Market Views: Will the Shanghai-London Connect succeed?

Six investment professionals share their thoughts on the elements crucial to the success of the newly launched Shanghai-London Stock Connect.
Market Views: Will the Shanghai-London Connect succeed?

The Shanghai-London Stock Connect finally went live last week as part of China’s wider efforts to open up its onshore market, but the intricate trading mechanism of the scheme could dampen the enthusiasm to access opportunities in both London and China, however attractive they might look.

Although the scheme still serves as a channel for cross-border share trading, it doesn’t work like other trading links, such as the Shanghai-Hong Kong Stock Connect, where Chinese or Hong Kong investors can buy shares listed on each other’s exchange directly.

The new structure only allows trading conducted through global depositary receipts (GDRs) for Chinese companies listing in London, and Chinese depositary receipts (CDRs) for London firms listing in the onshore Chinese market. What it means is, unless these companies make themselves available on another exchange, no one is trading anything under the scheme.

One should not forget the requirements listed companies have to meet before they can issue CRDs or GDRs, and the resources needed of them to facilitate the process.

The question then remains: what other measures can encourage more take-up of the programme? What is the biggest challenge for institutional investors to invest through the Shanghai-London Stock Exchange?

AsianInvestor asked six industry specialists to give their takes.

The following extracts have been edited for brevity and clarity.

William Chuang, Asia equity portfolio manager
Axa Investment Managers

We believe the new connect will have very minimal impact in the near term. We have seen Chinese companies issuing shares in Europe during the past year, where the liquidity has proven to be quite poor.

William Chuang_Asian equity portfolio manager_AXA IM
William Chuang

The success of the programme must be judged on not just the number of Chinese companies issuing GDRs (global depositary receipts) in London, but also the number of UK companies issuing CDRs (Chinese depositary receipts) in Shanghai. Now that Huatai Securities has kicked off the process, we need to see a speedy CDR issuance to ensure that the link is indeed two-way. 

For companies thinking about listing their shares on the other side, it is important that they not only prepare themselves to do the investor education, but also that they have realistic expectations about the end-market. For Chinese companies thinking about issuing GDRs, one factor to consider would be the close-to-5% dividend yield currently available for FTSE 100 companies.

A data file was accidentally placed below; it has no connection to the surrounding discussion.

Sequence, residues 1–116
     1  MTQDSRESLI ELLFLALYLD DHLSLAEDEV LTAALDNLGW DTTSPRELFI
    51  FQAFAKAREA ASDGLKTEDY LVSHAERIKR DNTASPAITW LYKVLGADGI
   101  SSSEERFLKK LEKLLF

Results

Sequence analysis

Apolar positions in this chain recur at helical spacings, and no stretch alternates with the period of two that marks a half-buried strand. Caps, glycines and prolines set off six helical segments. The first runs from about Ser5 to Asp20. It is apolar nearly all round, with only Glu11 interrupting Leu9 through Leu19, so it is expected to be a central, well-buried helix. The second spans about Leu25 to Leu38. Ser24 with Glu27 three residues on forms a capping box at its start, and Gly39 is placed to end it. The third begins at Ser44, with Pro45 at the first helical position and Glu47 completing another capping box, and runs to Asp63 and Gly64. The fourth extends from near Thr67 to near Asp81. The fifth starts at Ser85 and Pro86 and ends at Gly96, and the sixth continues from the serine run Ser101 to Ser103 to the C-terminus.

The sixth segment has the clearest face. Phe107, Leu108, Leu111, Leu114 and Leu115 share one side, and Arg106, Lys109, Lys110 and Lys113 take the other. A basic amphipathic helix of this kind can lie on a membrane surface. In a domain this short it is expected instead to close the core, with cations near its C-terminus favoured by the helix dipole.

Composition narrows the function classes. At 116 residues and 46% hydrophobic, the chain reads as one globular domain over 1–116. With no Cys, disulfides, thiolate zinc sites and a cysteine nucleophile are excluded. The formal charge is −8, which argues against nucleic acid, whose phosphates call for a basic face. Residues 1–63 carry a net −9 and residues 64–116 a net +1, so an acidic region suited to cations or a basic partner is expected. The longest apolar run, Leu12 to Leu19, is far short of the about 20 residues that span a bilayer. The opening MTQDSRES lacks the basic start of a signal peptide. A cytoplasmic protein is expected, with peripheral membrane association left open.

As mentioned in earlier example, liquidity will be the biggest issue for institutional investors when accessing the London-Shanghai Stock Connect. While we don’t know how much investor demand there is in mainland China for UK companies, most foreign investors who want to access onshore China can already do so through Hong Kong Northbound Connect. 

Michael Howell, managing director
Crossborder Capital  

Market depth is vital. Simply listing securities is not enough but there needs to be a good trading environment. The presence of a broader market for trading and issuing Chinese government bonds and trading the renminbi will help. The LSE needs to think about integrating its offering with these other markets, and to make London the one-stop in Europe for China instruments

Michael Howell
Michael Howell

Liquidity and transparency are the biggest issues. Long-term viability of linkage crucially requires liquidity. This must be sustained over the long-term and not just be a short-term feature. [To achieve liquidity], it needs free flow of information, backed by solid research as well as the ability of market markets to access capital. Both of these latter factors may be compromised by a combination of Mifid 2 and Basel 2 regulations. The issuance of transparency is helped by trading recognised securities like GDRs with common standards.

The solution requires broader sharing and understanding of information about Chinese companies and markets. This will need to be encouraged. In addition, we need to think beyond stocks to Chinese government bonds and the offshore renminbi. The wider and deeper London’s markets the better.

Will it succeed? We’re hopeful, but above all the LSE will need to be more encouraging to research firms and market makers.

Barry Tong, joint Asia-Pacific head of transaction advisory services
Grant Thornton

In order to ensure the stability of both bourses, a total trading cap of Rmb550 billion on cross-border stock trades is employed on the Connect. Although the trading cap is considered as fairly high, the mismatch in trading limits between the SSE and LSE as well as the stocks traded on the SSE are subject to a daily price limit of ±10%, while there is no such regulation on the LSE.